We would first receive plates and a turnover containing Ken Hall acting as Pogo. Adam Godley’s voice over and performance would come shortly after. During the time in between, we would begin match-moving Ken’s rough action onto our digital Pogo. This allowed us to begin lighting him in the scene, while animation was still in progress. Once we received Adam’s performance, we would recapture the body motion so that it synchronized with how Adam performed the dialog. It was important that the body movement was in line with the head performance. This was done by our animation department on our motion capture stage. We would then marry the body capture with the animation that referenced Adam’s facial performance.

How did you used your Apes experience for this show?
We learned so much on the PLANET OF THE APES trilogies about the anatomy and movement of chimpanzees. While Pogo was more human than the characters on PLANET OF THE APES, it was still invaluable to incorporate that decade of experience into him. This can be seen in his facial modeling and simulation, movement, and rendering of hair and skin. We also developed a new technique for rendering clothing, which was used for the first time on THE UMBRELLA ACADEMY. Our new fabric model allowed us to simulate every strand of thread procedurally. This gave a very realistic look to his dress shirt and pants, and his signature jacket.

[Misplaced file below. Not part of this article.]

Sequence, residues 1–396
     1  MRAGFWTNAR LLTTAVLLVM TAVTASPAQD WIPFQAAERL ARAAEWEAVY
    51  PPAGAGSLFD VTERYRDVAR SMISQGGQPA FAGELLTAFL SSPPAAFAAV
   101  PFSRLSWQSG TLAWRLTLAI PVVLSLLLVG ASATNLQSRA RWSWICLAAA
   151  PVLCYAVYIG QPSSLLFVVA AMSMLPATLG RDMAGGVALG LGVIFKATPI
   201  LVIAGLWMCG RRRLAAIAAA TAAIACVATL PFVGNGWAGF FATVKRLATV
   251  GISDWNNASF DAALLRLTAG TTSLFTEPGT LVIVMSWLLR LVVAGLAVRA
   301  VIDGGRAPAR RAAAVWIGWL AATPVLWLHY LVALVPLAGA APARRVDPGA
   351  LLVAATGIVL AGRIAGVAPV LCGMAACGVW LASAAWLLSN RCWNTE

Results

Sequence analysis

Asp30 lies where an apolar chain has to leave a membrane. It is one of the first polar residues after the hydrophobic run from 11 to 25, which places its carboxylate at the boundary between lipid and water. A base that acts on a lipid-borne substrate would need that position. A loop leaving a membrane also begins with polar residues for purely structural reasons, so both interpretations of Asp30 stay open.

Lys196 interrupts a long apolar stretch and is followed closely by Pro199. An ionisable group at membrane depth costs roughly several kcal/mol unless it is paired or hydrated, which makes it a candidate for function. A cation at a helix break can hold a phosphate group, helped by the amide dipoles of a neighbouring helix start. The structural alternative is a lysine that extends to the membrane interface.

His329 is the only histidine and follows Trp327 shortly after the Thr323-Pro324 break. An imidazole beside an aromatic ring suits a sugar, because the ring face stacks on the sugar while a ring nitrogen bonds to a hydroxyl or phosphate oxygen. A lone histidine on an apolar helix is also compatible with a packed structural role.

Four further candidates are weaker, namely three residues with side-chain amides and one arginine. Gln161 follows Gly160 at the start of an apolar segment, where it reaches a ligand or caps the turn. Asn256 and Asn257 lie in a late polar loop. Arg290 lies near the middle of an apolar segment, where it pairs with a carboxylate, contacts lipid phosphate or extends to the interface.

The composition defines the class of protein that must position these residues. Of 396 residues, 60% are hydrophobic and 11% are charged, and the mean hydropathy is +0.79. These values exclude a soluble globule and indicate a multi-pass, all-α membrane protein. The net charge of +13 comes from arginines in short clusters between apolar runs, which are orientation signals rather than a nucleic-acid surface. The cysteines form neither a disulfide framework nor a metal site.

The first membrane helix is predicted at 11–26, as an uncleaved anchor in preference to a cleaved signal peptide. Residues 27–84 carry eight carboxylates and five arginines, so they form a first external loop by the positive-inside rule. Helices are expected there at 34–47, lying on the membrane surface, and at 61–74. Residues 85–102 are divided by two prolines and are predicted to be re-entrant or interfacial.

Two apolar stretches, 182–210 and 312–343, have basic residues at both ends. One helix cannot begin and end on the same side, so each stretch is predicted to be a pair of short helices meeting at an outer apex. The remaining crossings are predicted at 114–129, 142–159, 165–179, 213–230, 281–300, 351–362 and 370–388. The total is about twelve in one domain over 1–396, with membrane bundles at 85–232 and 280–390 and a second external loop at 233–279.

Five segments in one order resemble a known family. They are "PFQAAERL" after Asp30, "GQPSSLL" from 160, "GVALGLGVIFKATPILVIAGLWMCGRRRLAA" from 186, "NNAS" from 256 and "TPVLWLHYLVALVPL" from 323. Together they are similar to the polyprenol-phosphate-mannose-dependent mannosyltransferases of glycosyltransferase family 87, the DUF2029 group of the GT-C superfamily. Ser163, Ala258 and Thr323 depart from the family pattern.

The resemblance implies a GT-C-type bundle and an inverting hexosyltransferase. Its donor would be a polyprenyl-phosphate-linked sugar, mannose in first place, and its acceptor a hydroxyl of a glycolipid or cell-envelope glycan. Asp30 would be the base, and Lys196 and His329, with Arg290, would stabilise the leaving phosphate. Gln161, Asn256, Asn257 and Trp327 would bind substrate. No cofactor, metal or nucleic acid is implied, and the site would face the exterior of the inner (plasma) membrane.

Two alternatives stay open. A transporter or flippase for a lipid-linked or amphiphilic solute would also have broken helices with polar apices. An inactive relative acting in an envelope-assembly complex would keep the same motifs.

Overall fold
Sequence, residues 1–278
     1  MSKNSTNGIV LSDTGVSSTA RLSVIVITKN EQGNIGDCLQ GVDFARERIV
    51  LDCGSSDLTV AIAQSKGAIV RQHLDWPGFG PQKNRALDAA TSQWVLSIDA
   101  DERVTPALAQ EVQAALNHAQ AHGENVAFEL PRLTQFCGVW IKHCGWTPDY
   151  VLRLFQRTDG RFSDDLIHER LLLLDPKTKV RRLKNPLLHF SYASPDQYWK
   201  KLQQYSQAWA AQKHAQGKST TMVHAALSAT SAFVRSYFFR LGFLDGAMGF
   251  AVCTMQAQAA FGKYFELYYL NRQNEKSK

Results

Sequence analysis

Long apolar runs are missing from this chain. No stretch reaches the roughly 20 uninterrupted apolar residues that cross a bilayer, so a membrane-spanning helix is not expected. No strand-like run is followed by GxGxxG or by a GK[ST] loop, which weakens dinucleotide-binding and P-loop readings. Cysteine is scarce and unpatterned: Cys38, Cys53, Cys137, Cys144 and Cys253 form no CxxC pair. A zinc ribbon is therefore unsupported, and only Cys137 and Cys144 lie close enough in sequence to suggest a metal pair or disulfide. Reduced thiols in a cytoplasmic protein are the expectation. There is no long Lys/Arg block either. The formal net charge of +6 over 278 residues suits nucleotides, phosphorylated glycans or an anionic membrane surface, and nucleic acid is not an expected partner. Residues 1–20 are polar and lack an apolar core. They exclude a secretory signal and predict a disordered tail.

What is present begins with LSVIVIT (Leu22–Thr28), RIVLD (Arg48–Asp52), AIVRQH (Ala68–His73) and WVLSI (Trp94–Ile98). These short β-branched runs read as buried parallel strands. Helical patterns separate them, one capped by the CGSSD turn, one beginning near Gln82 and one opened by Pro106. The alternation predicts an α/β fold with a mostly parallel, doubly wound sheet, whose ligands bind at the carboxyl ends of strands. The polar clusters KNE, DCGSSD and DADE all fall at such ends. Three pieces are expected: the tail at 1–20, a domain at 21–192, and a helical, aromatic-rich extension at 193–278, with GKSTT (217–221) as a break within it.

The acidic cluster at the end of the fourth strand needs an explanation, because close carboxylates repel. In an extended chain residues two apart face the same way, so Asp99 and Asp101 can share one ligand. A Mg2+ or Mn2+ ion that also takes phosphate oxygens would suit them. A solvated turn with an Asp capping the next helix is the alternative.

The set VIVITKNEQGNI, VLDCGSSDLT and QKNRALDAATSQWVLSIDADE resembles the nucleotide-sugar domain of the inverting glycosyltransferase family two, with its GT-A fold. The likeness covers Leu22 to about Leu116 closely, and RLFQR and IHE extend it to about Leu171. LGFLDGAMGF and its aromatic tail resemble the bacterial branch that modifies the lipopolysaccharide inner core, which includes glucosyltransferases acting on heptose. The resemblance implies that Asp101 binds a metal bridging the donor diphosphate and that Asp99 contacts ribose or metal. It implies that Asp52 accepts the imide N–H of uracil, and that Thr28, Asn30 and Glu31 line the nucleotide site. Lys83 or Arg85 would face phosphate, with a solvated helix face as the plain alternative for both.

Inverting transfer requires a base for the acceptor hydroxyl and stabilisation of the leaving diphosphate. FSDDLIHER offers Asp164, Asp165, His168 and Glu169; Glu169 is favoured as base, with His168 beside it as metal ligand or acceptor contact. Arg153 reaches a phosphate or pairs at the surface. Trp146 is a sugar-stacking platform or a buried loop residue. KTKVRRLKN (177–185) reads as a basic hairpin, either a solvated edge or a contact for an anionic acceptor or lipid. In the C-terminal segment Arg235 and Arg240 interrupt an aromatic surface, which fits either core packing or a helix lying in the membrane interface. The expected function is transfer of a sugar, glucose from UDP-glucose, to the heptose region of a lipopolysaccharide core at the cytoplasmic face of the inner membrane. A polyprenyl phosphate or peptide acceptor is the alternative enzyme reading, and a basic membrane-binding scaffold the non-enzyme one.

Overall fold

How did you adapt your pipeline and methodology to fit into the schedule of a TV series?
As mentioned earlier, we developed a pipeline that would keep each department busy at all times. By providing simple match-moved animation to lighting, while animation was in progress, the lighter could be working in parallel. Paint, roto, and compositing could also begin in parallel. As each department finished their task, they could begin on the next, without any down time.

How did you manage his interactions on-set with the casting and for the framing?
Ken Hall’s performance with the other actors was crucial for this. He played Pogo in the scenes, allowing the other actors and director to work with one another in scene. He was also good reference for lighting. We added a digital Ken to our lighting tests, to validate we were matching the onset lighting accurately.